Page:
Back foot in reverse punch - is flat really the traditional way




back foot reverse punch gyakuzuki heel
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Back foot in reverse punch - is your foot completely flat? And is that really the traditional way?

Post by Jason Armstrong (6th dan) April 2010

Due to a lot of recent discussion and questions around the back foot during gyakuzuki I am posting a topic on 4 ways the rear foot is often critiqued so people can reflect both what is traditional and what generates the most power etc.. As usual the point of this topic is to help people understand why they do it one way or another - rather than to say that one way is better than another.

Variants 1 & 2 - knife edge of the foot up or down?

When I studied shito-ryu in Japan in the 1990s (from two older 8th dan sensei - Sotokawa & Iba from a dojo which was a Tani/Shukokai line of Shito-ryu called Renbukan) I was taught to do a reverse punch with the knife edge of the rear foot up but keeping the heel down & transferring the weight to the inside or instep. This is to:

  1. maximize hip rotation 

  2. center the power/weight up the middle line of the body and the inside of the thigh & base 

Other Shukokai members on this social network have also been taught the same way. Shotokan in comparison keeps the entire sole of the back foot planted - with the argument that no recoil/give will occur on impact.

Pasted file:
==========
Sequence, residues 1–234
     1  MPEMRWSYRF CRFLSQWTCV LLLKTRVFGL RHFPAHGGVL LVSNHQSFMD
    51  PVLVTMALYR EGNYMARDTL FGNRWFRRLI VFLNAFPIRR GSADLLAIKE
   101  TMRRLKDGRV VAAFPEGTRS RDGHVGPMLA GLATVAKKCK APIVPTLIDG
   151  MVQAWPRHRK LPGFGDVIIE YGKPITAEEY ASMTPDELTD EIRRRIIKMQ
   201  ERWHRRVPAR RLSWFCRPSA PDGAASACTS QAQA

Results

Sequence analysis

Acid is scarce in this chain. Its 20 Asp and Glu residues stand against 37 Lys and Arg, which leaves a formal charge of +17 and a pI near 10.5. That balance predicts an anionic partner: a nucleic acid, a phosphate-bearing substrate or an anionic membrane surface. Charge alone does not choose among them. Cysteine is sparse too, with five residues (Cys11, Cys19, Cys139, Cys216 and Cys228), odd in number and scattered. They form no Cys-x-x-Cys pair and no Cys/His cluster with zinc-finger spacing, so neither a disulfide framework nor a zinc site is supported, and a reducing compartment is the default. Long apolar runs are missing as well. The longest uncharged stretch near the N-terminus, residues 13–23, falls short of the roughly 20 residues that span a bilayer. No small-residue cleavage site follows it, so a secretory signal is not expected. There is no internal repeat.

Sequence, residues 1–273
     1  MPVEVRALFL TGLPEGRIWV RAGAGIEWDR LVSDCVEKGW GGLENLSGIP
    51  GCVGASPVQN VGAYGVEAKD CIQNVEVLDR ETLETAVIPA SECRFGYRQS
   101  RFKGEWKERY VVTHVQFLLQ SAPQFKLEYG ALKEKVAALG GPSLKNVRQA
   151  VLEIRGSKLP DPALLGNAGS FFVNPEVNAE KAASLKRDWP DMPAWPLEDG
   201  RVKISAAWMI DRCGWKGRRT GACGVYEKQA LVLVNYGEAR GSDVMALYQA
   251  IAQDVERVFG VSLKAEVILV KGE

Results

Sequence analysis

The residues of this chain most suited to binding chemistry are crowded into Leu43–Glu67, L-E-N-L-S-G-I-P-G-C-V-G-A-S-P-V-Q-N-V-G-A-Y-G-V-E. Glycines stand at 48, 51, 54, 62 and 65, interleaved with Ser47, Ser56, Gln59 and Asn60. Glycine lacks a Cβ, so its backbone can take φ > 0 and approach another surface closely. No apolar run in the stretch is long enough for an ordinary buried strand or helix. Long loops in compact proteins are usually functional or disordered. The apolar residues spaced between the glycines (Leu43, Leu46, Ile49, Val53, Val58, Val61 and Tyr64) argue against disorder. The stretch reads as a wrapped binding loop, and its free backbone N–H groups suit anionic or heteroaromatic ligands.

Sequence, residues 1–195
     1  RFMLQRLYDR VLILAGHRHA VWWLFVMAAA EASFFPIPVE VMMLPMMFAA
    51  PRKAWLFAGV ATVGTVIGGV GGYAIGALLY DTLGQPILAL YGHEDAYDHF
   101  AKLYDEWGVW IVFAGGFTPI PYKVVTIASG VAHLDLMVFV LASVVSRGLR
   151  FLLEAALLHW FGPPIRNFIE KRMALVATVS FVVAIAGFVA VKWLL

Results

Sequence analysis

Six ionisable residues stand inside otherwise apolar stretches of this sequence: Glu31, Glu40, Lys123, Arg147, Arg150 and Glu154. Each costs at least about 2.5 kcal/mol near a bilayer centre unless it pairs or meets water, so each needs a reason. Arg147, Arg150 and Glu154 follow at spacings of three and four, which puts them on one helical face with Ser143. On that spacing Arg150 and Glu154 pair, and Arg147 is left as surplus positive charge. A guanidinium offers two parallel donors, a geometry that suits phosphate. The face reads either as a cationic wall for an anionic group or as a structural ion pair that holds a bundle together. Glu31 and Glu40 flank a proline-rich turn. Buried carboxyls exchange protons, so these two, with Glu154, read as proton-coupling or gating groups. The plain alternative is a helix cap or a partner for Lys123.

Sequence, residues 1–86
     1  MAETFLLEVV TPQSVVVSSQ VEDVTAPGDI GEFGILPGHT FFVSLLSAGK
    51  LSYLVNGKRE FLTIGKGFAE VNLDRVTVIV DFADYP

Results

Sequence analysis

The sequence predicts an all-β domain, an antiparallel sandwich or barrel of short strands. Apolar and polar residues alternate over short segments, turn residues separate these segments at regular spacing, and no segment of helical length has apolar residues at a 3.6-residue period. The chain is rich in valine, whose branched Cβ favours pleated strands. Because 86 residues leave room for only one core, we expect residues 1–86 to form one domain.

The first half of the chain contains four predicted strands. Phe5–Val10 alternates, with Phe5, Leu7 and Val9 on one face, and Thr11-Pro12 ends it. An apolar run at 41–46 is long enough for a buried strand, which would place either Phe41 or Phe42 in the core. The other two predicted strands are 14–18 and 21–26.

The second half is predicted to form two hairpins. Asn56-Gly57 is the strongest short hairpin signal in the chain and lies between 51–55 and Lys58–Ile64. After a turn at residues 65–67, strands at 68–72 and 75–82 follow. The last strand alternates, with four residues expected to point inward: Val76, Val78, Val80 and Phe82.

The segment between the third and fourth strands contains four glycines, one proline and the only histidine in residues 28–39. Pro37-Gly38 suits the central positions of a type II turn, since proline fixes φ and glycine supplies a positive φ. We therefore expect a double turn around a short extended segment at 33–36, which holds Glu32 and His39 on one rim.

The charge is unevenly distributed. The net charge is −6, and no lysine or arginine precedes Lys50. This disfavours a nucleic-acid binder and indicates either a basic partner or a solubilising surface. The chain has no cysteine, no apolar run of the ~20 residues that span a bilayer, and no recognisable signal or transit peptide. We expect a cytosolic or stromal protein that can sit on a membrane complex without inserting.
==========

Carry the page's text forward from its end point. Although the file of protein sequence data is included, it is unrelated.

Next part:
The knife edge of the foot needing to come off the ground to reach full power is also a function of stance depth - for example: if one does reverse punch from sanchin or motodachi the knife edge lift does not need to come into play as much - but go deep enough and not doing it will reduce power. Many argue that the transfer of the flat foot as a princple from the short Okinawan stances does not make sense when in zenkutsudachi - hence the Shukukai way forgoes it in the deeper stances.

Variant 3:

The heel lifted (especially if a wind-up is involved) with the heel slamming down at the instant around  the punch landing. This seems to be a more  traditional action as I have seen primarily Okinawan trained sensei do this . I observed this approach profoundly at the Junodkan in Okinawa and its benefits include power and can involve plyometrics. When observed it is almost the opposite of a sport karate heel action.

Variant 4:

Sports karate - lifting the heel to maximise their length of technique. While sacrificing lateral stability (and opening an option for recoil of the foot down on impact) this approach can extend length and under certain conditions power. One argument here about worrying over recoil because the heel is not planted is-  how often does that recoil really happen compared with the upside fo the extra reach/power - sports karate coaches argue that it is all about your odds of a better outcome not the one that is less likely? Not only modern sports karate does lift the heel - see article on Kimura sensei of Tani Shito-ryu lineage with video of drills where heel lifts...).

Interestingly the criteria that the World Karate Federation (WKF) uses when judging a kata performance requires the foot edge down (see the bottom of this BLOG) which is ironically the opposite of what that system tends to encourage in kumite.